"Red" by Geoffrey Philp
The Crafty Green Poet has reintroduced me to a form that I'd long considered, but never attempted: the ghazal. And while this poem does not adhere strictly to the form, it did allow me to play with the word "red," which at the start of the poem refers to a biracial person or "half-caste."It's a strange thing, this blogging--this trying out of new things in public--merely setting the poems free the way that The Crafty Green Poet, Fragano, Rethabile, and Stephen do regularly. My friends, you have liberated me…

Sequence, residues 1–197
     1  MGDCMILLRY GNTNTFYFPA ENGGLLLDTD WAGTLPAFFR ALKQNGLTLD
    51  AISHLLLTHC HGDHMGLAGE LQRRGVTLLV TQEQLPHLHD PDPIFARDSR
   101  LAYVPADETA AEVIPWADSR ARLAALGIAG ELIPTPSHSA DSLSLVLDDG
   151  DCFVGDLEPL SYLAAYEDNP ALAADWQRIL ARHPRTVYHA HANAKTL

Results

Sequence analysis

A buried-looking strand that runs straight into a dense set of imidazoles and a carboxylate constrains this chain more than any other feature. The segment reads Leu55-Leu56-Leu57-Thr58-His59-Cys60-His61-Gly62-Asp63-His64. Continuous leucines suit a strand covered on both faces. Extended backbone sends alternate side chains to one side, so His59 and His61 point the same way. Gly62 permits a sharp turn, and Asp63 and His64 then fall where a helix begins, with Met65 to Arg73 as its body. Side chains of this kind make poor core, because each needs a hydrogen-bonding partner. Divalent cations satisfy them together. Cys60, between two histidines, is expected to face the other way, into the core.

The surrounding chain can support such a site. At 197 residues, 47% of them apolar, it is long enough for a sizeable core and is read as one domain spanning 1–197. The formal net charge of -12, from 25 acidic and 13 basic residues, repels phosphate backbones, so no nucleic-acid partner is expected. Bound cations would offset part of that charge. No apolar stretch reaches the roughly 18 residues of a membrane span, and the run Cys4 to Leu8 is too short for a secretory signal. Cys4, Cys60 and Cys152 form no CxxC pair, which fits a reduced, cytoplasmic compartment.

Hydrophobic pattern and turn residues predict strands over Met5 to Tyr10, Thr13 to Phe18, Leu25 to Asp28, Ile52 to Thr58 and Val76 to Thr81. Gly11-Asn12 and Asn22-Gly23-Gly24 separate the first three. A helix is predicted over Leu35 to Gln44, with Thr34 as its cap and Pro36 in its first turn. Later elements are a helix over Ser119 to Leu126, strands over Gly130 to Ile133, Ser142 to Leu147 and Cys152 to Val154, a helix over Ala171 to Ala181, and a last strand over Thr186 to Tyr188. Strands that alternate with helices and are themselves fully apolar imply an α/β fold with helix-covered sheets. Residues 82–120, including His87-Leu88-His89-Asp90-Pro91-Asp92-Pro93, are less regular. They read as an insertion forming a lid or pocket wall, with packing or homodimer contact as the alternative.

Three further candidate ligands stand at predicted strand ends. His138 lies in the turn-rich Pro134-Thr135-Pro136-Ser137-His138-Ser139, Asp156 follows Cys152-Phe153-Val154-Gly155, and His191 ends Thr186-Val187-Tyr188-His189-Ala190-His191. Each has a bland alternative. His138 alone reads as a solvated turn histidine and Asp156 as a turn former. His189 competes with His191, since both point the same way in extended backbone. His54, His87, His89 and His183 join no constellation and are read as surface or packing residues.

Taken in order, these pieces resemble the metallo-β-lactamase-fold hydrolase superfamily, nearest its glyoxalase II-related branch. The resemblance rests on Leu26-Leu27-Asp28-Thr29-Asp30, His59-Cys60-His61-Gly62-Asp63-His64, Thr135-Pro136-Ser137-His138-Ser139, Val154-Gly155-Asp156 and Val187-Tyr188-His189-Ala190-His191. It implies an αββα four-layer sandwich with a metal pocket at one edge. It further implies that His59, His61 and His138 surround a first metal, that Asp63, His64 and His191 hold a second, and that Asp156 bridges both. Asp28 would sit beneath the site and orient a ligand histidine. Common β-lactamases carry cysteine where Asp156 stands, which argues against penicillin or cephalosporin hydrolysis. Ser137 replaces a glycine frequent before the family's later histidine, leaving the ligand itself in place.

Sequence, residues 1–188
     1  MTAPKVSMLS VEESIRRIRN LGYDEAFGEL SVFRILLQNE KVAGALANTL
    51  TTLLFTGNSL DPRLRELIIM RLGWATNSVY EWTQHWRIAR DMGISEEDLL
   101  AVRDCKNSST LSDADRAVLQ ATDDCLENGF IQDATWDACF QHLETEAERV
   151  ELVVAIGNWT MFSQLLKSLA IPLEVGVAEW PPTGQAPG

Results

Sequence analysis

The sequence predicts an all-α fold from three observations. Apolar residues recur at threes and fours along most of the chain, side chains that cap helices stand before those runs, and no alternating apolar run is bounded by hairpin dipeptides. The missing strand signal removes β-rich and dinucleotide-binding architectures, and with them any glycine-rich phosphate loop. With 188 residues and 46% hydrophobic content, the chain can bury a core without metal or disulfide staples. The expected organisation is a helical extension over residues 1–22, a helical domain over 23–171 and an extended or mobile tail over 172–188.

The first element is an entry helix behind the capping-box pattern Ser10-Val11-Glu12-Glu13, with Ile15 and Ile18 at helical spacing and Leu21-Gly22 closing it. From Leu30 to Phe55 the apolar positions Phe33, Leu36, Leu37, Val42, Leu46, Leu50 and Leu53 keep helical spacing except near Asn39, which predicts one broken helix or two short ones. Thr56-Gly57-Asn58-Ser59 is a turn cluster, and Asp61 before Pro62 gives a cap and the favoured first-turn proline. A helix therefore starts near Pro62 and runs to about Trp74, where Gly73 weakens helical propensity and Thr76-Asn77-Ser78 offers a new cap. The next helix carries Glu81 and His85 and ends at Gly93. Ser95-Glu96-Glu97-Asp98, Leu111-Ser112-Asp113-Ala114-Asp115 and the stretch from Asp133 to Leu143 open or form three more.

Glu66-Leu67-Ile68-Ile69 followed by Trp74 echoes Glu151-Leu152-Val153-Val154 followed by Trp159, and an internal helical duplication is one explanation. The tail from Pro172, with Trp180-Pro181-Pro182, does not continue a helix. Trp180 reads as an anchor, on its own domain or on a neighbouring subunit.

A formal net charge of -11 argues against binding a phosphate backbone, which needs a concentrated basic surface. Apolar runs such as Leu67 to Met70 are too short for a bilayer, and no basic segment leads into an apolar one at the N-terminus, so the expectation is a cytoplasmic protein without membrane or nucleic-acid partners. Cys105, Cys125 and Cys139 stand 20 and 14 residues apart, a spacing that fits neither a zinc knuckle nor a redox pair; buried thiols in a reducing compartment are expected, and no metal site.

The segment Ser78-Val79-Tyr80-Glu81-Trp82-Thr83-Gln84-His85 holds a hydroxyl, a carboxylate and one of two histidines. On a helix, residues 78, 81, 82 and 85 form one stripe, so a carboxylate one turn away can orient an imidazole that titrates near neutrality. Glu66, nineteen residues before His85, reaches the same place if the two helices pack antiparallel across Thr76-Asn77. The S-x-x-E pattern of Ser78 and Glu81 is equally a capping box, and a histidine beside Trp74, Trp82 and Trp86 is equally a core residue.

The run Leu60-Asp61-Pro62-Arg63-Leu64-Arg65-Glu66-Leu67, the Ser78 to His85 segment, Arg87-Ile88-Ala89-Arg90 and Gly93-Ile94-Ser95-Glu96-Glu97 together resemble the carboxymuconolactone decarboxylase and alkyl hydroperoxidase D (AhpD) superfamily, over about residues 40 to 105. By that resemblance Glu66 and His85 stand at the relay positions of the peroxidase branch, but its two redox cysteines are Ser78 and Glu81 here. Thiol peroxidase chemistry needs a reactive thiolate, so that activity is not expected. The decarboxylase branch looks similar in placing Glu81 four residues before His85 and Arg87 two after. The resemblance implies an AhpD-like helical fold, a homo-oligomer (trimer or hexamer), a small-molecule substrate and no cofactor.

It burst from those lips that I'd adored, "You're just too red!"
The curse of being apart, neither black nor white, but red
followed me through the streets, staining the shadow
of those fires that flared behind my mother's garden: red
ginger towering over anthuriums with their bruised phalloi
straining against the bark of the live oak, stunned red
petals bending in the sunlight to the weight of shame,
their pliant skin absorbing yellow and blue to become red
like the way by resisting we become the thing we fear the most--
as I now accept this blessing freed from race. Call me Red.